Zeta Canis Minoris

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Zeta Canis Minoris
Zeta canis minoris diagram.png
Star map of the 25 brightest stars in Canis Minor. Zeta Canis Minoris is circled.
Observation data
Epoch J2000.0      Equinox J2000.0 (ICRS)
Constellation Canis Minor
Right ascension  07h 51m 41.98835s[1]
Declination +01° 46′ 00.7395″[1]
Apparent magnitude (V) 5.13[2]
Spectral type B8 II[3]
U−B color index −0.46[2]
B−V color index −0.13[2]
Radial velocity (Rv)+32.3±2.8[4] km/s
Proper motion (μ) RA: −14.43[1] mas/yr
Dec.: −2.40[1] mas/yr
Parallax (π)5.23 ± 0.36[1] mas
Distance620 ± 40 ly
(190 ± 10 pc)
Absolute magnitude (MV)−1.32[5]
Mass3.98±0.10[6] M
Luminosity490[6] L
Surface gravity (log g)3.36[7] cgs
Temperature13,500[7] K
Rotational velocity (v sin i)28.0[7] km/s
Other designations
ζ CMi, 13 CMi, BD+02° 1808, GC 6, HD 63975, HIP 38373, HR 3059, SAO 116043[8]
Database references

Zeta Canis Minoris (ζ Canis Minoris) is a solitary,[9] blue-white hued star in the equatorial constellation of Canis Minor. It is a dim star but visible to the naked eye with an apparent visual magnitude of 5.13.[2] Based upon an annual parallax shift of 5.23 mas as seen from Earth,[1] this star is located around 410 light years from the Sun. It is moving away from the Sun with a radial velocity of +32.3 km/s.[4]

This is a B-type bright giant star with a stellar classification of B8 II,[3] it is a Mercury-Manganese star, showing an overabundance of these elements in its spectrum. The mean longitudinal magnetic field strength is 8.28±11.55 G.[10] The star has about four times the mass of the Sun and is radiating 490[6] times the Sun's luminosity from its photosphere at an effective temperature of 13,500 K.[7]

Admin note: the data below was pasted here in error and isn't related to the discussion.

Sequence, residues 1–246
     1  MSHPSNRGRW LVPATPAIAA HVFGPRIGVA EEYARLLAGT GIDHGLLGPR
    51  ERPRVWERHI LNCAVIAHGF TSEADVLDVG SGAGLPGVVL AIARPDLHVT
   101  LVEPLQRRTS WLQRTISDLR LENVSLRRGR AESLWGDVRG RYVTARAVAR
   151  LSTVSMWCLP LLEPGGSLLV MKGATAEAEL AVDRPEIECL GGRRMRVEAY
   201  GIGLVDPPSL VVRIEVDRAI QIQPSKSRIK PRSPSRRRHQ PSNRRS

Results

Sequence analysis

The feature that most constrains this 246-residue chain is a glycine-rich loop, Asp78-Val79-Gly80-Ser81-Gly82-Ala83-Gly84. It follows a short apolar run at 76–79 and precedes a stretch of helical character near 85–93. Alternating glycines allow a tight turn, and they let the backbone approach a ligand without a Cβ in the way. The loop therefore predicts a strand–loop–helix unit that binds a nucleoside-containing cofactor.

1. ^ a b c d e f van Leeuwen, F. (2007), "Validation of the new Hipparcos reduction", Astronomy and Astrophysics, 474 (2): 653–664, arXiv:0708.1752, Bibcode:2007A&A...474..653V, doi:10.1051/0004-6361:20078357.
  2. ^ a b c d Fernie, J. D. (May 1983), "New UBVRI photometry for 900 supergiants", Astrophysical Journal Supplement Series, 52: 7–22, Bibcode:1983ApJS...52....7F, doi:10.1086/190856.
  3. ^ a b Houk, N.; Swift, C. (1999), "Michigan catalogue of two-dimensional spectral types for the HD Stars", Michigan Spectral Survey, Department of Astronomy, Univ. Michigan, 5, Bibcode:1999MSS...C05....0H.
  4. ^ a b de Bruijne, J. H. J.; Eilers, A.-C. (October 2012), "Radial velocities for the HIPPARCOS-Gaia Hundred-Thousand-Proper-Motion project", Astronomy & Astrophysics, 546: 14, arXiv:1208.3048, Bibcode:2012A&A...546A..61D, doi:10.1051/0004-6361/201219219, A61.
  5. ^ Huang, W.; et al. (2012), "A catalogue of Paschen-line profiles in standard stars", Astronomy & Astrophysics, 547: A62, arXiv:1210.7893, Bibcode:2012A&A...547A..62H, doi:10.1051/0004-6361/201219804.
  6. ^ a b c Hohle, M. M.; et al. (April 2010), "Masses and luminosities of O- and B-type stars and red supergiants", Astronomische Nachrichten, 331 (4): 349, arXiv:1003.2335, Bibcode:2010AN....331..349H, doi:10.1002/asna.200911355.
  7. ^ a b c d Ghazaryan, S.; Alecian, G. (August 2016), "Statistical analysis from recent abundance determinations in HgMn stars", Monthly Notices of the Royal Astronomical Society, 460 (2): 1912–1922, Bibcode:2016MNRAS.460.1912G, doi:10.1093/mnras/stw911
  8. ^ "zet CMi". SIMBAD. Centre de données astronomiques de Strasbourg. Retrieved 2017-08-31.
  9. ^ Eggleton, P. P.; Tokovinin, A. A. (September 2008), "A catalogue of multiplicity among bright stellar systems", Monthly Notices of the Royal Astronomical Society, 389 (2): 869–879, arXiv:0806.2878, Bibcode:2008MNRAS.389..869E, doi:10.1111/j.1365-2966.2008.13596.x.
  10. ^ Makaganiuk, V.; et al. (January 2011), "The search for magnetic fields in mercury-manganese stars", Astronomy and Astrophysics, 525: A97, arXiv:1010.3931, Bibcode:2011A&A...525A..97M, doi:10.1051/0004-6361/201015666.